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Housing projects residents find community despite harsh living conditions

The Ingersoll project’s Garden of Eden grows fruits and vegetables during the warmer months. Photo by Teddy Haines.

Nestled into a compact segment of South Brooklyn, the Raymond V. Ingersoll Housing project is encircled by more prosperous neighborhoods. The Metrotech Center sits directly across Flatbush Avenue to the west, alongside NYU’s Tandon School of Engineering. But now, the Ingersoll Houses also find themselves at the center of a heated debate over the future of public housing in New York City.

The Ingersoll project is operated by the New York City Housing Authority, which is currently under fire for systemic neglect and abuse of its 400,000 tenants. Last June, federal prosecutors accused the authority of covering up appalling living conditions for public housing residents, including lead paint, faulty heating, and infestation by roaches and rats. The report ultimately led to the city government accepting greater oversight from the federal government as it moves to alleviate the crisis.

In Ingersoll, deprivation has taken the form of intermittent heating, which puts pressure on families with young children. Despite this, residents reject the pessimism that colors public perceptions of New York public housing. Resident Janai Tucker cited familial bonds and the project’s sense of community as sources of strength for its residents.

“Sometimes the neighborhood can be dangerous,” Tucker said. “But it’s like a family…it’s all built up off of family members. There’s people that lived in Fort Greene five years ago, and they have family in Fort Greene, so their kids can know people in Fort Greene.”

Dwayne Fussell, a former public housing worker, has lived in the Ingersoll project his entire life. And for him, the community’s prospects have improved significantly since the turbulence of previous decades, although heating remains a major concern.

“The heat and hot water is not as great as it used to be,” Fussell said. “I’ve seen that they’d dug up all the ground and put these big lime-green pipes down here, and I don’t see what it’s supposed to have done. But now, if you look they’re putting the right pipes down there. Now, the heat is starting to come up and the hot water’s starting to come up.”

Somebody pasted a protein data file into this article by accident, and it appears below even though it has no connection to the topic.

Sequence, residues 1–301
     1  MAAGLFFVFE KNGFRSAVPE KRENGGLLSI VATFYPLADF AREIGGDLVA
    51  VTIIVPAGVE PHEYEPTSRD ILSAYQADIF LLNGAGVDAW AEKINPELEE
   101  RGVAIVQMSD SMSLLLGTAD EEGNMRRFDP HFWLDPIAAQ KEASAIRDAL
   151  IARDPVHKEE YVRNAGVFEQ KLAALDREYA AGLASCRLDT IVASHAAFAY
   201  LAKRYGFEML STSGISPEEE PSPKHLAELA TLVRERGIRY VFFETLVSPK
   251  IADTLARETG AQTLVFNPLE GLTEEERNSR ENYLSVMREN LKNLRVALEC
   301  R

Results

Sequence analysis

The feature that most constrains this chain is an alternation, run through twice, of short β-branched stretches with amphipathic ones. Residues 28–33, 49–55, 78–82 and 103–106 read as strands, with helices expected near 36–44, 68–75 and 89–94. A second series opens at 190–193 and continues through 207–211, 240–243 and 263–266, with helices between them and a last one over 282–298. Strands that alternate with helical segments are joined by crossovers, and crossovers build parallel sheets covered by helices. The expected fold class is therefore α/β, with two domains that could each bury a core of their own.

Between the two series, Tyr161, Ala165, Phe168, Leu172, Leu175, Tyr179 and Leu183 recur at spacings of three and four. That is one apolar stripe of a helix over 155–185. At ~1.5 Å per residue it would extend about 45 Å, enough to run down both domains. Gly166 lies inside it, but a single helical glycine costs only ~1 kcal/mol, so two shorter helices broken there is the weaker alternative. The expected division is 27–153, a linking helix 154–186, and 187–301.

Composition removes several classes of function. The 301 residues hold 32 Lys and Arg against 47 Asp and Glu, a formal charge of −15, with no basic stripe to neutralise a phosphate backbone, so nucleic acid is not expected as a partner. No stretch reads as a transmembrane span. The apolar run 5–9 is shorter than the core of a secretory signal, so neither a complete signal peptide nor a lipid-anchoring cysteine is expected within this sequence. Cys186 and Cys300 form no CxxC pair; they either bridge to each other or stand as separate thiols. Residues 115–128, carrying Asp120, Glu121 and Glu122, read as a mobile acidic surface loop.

These improvements haven’t completely remedied the situation, however. The main obstacle now, according to Fussell, is consistent heating.

“You need heat and hot water all the way around, from morning, noon and night,” he explained. “But it’s still not like that. At night, a person that has a child, an infant, in the house, why do you have to bundle up that infant in layers of blankets at night, when you’re supposed to have the heat at night? I went through this with my son. My son is 16 now – I went through this since then.”

More than anything, Fussell seemed to take heart from his fellow Ingersoll residents, and the communal spirit they embodied.

“You have a lot of productive people here in the projects that does good,” he said. “It’s not all as bad as everybody make it seems.”

One of Ingersoll’s productive residents is Michael Pabon. An Iraq War veteran, Pabon assists his neighbors as a carpenter and electrician. And after 12 years in the project with his wife and son, Pabon feels optimistic about the community’s future.

“NYCHA have improved, but they do have their faults,” Pabon said. “Living conditions at times are, bad. And that’s all with a phone call, within the system. You have to let them know what’s going wrong, what’s broke, and what a tenant can expect to get fixed. But other than that, this neighborhood has come a long way in the last 20, 30 years.”

Ingersoll resident Michael Pabon sees a bright future for the project’s residents. Photo by Teddy Haines.

Apart from NYCHA responsiveness, Pabon cited other improvements in the neighborhood’s quality of life. He pointed out recent construction of a laundromat and other amenities, as well as the project’s increasing ethnic diversity.

“Lot of nice Asians, Africans, Indians, there’s a big ethnic melting pot here, and for the most part, everyone gets along,” Pabon said. “You have those very few that unfortunately make the neighborhood not so nice. But we have to live with it, and we make the best of it.”

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